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Supreme Court strikes down Louisiana law that would have limited state to one abortion clinic


A placard saying, Abortion is a Human Right, is seen during the “Stop The Bans Day of Action for Abortion Rights” rally in front of the Supreme Court in Washington, DC.

Michael Brochstein | SOPA Images | LightRocket via Getty Images

The Supreme Court on Monday voted 5-4 to strike down a restrictive Louisiana abortion measure in a major win for reproductive rights activists, with Chief Justice John Roberts siding with the court’s four liberals. 

The case involved a Louisiana abortion law requiring doctors who provide abortions to have admitting privileges at a hospital within 30 miles of their clinic. Challengers of the law alleged the restriction would limit the state to just one abortion provider at a single clinic.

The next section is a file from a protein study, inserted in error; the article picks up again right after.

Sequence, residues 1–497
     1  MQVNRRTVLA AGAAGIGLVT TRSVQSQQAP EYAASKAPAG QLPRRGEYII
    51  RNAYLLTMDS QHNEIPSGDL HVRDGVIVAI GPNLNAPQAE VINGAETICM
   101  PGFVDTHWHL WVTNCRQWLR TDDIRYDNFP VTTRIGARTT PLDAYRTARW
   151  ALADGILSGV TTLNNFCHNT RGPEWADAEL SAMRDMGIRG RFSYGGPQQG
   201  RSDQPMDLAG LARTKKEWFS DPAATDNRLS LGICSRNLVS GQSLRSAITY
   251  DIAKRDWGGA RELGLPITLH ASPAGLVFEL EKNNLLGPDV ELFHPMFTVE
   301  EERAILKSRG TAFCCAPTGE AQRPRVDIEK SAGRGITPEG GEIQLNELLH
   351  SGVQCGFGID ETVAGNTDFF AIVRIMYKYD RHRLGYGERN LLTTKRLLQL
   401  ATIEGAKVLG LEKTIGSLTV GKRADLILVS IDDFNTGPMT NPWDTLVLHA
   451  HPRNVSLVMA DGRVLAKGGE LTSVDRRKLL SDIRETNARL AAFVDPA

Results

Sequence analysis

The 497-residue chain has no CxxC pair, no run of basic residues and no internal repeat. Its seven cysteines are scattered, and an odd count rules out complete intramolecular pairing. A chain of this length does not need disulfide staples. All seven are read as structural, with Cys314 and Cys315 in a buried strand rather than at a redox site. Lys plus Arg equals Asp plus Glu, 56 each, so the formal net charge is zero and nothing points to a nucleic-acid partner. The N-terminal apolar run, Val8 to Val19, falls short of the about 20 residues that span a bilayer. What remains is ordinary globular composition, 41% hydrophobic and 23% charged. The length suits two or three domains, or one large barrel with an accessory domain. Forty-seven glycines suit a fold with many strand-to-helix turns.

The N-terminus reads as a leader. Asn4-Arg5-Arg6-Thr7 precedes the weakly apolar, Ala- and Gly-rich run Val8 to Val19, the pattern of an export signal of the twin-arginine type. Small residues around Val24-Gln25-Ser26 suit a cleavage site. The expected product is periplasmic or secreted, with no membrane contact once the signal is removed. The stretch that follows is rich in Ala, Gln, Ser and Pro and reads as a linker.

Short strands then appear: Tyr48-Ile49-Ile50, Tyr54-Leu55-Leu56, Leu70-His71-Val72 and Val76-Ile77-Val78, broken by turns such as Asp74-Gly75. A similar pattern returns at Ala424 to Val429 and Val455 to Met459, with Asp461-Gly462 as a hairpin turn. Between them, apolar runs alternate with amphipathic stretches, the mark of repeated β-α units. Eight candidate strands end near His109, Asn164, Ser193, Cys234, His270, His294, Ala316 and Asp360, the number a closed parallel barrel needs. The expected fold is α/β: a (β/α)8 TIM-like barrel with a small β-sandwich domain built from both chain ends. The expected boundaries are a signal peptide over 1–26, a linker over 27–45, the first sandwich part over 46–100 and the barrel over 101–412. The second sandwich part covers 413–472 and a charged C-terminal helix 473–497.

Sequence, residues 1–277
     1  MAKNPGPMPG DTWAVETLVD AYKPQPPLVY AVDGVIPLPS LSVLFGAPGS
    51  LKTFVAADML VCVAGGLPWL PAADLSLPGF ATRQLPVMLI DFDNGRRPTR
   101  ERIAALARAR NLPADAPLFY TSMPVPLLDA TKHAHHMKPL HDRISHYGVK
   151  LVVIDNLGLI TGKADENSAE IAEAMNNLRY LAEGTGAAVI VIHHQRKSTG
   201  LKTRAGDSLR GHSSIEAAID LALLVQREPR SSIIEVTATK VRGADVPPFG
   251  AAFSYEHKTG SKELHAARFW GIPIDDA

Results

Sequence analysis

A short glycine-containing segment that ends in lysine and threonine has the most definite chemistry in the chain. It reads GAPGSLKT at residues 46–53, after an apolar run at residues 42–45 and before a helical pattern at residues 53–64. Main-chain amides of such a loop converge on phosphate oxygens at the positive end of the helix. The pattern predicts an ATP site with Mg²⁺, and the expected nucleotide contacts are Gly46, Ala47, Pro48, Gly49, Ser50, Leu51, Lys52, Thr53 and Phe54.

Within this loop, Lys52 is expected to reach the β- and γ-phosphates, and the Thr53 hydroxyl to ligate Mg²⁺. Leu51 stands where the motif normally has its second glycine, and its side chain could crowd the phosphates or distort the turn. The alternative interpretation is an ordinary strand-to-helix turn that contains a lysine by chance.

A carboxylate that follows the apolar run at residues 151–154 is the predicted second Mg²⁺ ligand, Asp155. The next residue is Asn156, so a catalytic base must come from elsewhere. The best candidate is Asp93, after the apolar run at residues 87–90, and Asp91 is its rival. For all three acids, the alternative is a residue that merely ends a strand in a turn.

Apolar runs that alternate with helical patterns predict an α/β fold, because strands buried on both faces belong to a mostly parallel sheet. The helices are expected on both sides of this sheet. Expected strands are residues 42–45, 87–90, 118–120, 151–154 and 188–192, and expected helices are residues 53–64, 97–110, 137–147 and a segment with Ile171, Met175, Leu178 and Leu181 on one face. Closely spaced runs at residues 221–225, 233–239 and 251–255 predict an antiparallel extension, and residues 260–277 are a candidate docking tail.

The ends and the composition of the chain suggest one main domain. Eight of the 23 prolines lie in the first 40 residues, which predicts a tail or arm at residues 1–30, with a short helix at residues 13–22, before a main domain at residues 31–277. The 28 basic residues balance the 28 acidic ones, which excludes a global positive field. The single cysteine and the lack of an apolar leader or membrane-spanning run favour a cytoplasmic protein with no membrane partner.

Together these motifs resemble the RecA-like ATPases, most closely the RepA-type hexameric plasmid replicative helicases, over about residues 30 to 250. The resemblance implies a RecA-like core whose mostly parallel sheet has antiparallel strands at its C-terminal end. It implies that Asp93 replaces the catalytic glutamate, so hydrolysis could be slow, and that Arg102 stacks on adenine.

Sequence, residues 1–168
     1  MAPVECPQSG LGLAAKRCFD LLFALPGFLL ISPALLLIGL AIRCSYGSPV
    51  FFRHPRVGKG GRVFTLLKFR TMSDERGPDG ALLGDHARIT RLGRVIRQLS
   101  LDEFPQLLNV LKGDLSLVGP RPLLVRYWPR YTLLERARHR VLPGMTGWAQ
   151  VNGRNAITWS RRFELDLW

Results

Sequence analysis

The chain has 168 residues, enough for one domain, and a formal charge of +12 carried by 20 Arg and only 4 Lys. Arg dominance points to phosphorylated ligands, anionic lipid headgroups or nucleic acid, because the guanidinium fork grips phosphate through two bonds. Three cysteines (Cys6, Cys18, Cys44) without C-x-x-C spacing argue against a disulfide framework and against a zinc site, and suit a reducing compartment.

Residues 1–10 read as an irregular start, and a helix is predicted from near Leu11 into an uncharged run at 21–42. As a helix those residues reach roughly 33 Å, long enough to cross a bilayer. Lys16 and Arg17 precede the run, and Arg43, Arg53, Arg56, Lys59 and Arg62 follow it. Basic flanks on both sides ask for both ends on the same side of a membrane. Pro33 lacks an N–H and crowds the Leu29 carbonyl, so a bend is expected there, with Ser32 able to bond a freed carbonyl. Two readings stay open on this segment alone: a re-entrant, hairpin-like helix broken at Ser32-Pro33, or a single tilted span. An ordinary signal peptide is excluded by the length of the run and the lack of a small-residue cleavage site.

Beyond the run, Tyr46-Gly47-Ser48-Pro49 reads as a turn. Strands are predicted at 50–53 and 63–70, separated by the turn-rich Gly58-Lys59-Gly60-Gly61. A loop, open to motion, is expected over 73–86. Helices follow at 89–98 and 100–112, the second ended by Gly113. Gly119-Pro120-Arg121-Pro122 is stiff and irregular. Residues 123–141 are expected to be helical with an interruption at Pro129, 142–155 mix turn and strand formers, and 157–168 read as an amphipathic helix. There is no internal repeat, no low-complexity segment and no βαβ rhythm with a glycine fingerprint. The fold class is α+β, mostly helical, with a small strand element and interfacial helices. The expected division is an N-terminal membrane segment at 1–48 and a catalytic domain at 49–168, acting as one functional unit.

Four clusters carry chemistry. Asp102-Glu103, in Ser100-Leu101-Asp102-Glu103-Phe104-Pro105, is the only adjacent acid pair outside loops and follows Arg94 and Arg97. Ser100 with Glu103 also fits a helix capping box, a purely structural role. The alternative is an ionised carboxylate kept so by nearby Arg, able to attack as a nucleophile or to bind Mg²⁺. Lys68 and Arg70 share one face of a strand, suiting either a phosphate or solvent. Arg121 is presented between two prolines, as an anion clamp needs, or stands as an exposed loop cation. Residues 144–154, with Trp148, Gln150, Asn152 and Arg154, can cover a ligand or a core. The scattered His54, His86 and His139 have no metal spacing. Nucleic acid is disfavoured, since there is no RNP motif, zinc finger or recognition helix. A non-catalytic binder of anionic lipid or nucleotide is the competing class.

The dispute was the first over abortion to be argued before President Donald Trump’s two appointees, Justices Neil Gorsuch and Brett Kavanaugh. It came just four years after the top court ruled that a similar abortion law passed in Texas was unconstitutional.

In that 2016 case, Whole Woman’s Health v. Hellerstedt, the court struck down the Texas law by a 5-3 vote. Roberts voted at the time to uphold the law.

The case is June Medical Services v. Russo, No. 18-1323.

This is breaking news. Check back for updates. 


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